The world is at heightened risk of triggering multiple climate ‘tipping points’, causing cascading effects that could lead to irreversible and uncontrollable impacts on Earth, according to an assessment by leading climate scientists.
There is an increased likelihood that tipping points will be crossed if the average global temperature exceeds 1.5 degrees, concludes the analysis published by the research journal Science. Limiting the rise in temperatures to 1.5 degrees is the most demanding of the objectives of the Paris Agreement.
The most immediate tipping points scientists have identified are: the collapse of the Greenland and West Antarctic ice sheets; an abrupt and widespread thaw of the permafrost releasing large quantities of methane; weakening convection in the Labrador Sea and mass mortality of tropical coral reefs around the equator. Permafrost is most concentrated in the Arctic beneath large parts of Alaska, Canada, and Siberia.
The planet may have already left a ‘safe’ climate state when temperatures exceeded 1 degree of warming, he finds – current global average temperatures are 1.1 to 1.2 degrees above levels preindustrial.
Human-caused carbon emissions have raised Earth’s temperature through the greenhouse effect, and much greater warming is expected in the coming decades if carbon levels in the atmosphere are not reduced.
Warming may not always be constant – passing a ‘tipping point’ can cause a sudden or irreversible change, warns the group led by Dr David Armstrong McKay from the Stockholm Resilience Centre.
Scientists now fear that Earth is approaching certain climate tipping points sooner than expected, beyond which rapid and difficult-to-reverse climate change could occur – a scenario confirmed in the most comprehensive assessment of tipping points published. Thursday.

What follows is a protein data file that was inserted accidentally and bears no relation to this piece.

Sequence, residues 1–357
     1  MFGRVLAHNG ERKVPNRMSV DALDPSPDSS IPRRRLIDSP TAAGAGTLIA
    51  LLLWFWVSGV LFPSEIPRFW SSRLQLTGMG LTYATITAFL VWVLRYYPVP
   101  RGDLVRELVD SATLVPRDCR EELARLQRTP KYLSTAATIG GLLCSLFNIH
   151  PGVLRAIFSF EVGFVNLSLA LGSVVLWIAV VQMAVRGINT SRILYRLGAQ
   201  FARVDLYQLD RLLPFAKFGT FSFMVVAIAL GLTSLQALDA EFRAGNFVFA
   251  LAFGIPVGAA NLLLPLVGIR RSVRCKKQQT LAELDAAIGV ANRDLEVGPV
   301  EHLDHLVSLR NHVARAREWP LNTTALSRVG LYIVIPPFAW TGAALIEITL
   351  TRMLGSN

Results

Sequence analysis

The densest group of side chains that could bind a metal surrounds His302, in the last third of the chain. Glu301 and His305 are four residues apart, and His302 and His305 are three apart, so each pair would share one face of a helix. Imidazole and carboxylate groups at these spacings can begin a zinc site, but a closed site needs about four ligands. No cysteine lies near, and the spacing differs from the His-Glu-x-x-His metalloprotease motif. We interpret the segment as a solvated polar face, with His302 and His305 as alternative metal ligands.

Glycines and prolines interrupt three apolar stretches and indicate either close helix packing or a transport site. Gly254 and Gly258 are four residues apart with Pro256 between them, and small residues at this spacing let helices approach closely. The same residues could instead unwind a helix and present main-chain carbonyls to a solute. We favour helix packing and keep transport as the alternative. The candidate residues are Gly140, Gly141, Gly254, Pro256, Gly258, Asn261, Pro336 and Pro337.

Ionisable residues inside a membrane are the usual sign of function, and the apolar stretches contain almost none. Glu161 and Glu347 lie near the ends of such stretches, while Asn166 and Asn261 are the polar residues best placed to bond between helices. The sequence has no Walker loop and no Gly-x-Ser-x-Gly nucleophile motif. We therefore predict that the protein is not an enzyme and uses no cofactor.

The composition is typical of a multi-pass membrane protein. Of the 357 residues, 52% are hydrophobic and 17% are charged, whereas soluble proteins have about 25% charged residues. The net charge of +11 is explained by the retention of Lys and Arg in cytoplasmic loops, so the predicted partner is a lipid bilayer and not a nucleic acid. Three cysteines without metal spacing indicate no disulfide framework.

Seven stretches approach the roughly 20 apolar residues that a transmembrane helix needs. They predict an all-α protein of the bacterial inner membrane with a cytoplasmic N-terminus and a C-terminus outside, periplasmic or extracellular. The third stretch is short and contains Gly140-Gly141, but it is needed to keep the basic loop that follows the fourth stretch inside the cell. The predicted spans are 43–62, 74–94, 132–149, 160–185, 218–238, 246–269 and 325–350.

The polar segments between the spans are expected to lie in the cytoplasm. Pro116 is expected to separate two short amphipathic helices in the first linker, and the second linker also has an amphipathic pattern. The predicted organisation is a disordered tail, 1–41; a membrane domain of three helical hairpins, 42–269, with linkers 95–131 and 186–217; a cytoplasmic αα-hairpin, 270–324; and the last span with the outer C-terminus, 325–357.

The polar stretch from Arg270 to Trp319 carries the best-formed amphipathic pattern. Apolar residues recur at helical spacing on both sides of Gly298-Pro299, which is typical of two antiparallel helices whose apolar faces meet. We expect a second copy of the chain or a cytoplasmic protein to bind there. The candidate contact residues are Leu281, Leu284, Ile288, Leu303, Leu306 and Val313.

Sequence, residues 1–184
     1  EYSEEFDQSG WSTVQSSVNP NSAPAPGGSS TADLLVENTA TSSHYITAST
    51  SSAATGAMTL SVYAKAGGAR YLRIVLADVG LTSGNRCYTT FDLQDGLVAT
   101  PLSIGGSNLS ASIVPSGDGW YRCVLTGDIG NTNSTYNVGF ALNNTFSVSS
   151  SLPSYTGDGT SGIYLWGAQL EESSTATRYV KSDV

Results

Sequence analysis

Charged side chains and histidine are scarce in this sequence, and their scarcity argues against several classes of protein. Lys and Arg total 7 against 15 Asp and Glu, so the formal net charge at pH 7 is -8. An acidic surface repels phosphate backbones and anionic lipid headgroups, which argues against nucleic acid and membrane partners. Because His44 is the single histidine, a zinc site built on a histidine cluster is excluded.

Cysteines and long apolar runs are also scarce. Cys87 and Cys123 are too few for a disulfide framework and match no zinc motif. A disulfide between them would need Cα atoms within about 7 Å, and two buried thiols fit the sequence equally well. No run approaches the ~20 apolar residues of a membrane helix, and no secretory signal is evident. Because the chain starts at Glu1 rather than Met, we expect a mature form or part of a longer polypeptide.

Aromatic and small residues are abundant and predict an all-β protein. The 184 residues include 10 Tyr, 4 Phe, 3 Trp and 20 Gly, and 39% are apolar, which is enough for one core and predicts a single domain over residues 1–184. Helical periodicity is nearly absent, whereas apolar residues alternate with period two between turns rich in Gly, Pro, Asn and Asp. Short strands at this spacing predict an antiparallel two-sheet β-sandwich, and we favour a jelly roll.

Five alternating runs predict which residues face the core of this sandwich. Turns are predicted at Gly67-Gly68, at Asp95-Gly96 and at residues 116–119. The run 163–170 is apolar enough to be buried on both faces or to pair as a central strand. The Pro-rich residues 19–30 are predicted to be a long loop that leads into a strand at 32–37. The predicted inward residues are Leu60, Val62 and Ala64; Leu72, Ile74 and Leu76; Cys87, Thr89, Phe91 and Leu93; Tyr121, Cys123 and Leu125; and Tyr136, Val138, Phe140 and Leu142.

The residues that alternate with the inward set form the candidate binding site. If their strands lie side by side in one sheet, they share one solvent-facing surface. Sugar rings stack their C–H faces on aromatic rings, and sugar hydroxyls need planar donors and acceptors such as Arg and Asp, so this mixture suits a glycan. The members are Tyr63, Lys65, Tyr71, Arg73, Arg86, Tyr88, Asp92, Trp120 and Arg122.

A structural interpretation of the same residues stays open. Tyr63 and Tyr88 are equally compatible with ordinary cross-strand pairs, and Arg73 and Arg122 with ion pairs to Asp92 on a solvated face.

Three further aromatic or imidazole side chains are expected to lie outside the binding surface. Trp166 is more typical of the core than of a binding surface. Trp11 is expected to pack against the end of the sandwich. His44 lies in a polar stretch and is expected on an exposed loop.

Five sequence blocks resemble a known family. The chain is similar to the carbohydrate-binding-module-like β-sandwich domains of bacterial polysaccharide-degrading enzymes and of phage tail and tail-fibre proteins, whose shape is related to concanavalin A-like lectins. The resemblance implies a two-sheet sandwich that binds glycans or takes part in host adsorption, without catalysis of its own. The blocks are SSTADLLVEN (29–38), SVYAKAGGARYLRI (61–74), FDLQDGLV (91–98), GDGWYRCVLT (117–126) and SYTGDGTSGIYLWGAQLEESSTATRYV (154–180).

Co-author Johan Rockström, co-chair of the Earth Commission and director of the Potsdam Institute for Climate Impact Research, said: “The world is heading towards 2-3 degrees of global warming. This puts Earth on track to cross several dangerous tipping points that will be disastrous for people around the world.
“To maintain livable conditions on Earth, protect people from rising extremes, and enable stable societies, we must do all we can to avoid crossing tipping points. Every tenth of a degree counts,” he added.
Co-author Professor Tim Lenton, director of the Global Systems Institute at the University of Exeter, said their new work “provides compelling evidence that the world needs to radically accelerate the decarbonisation of the economy to limit the risk to overcome climatic tipping points”. To achieve this, we must now trigger positive social tipping points that accelerate the transformation to a clean energy future.”
“We may also need to adapt to deal with climate tipping points that we fail to avoid and support those who may suffer uninsurable loss and damage,” Professor Lenton added.
By sifting through paleoclimate data, current observations and climate model results, the international team concluded that 16 major biophysical systems involved in regulating the Earth’s climate – called “tipping elements” – have the potential to cross tipping points where change becomes self-sustaining.
This means that even if global temperatures stop rising, once the ice sheet, ocean or rainforest have passed a tipping point, they will continue to shift to a new state, Professor Lenton explained. The duration of the transition varies from several decades to thousands of years depending on the system.
Professors Rockström and Lenton are co-hosting a global conference at the University of Exeter on September 15 to look at how to improve warnings of impending risks of catastrophic climate tipping points and accelerate positive tipping points to avert the climate crisis.
Climate risks hitting critical ‘tipping points’ sooner than expected – study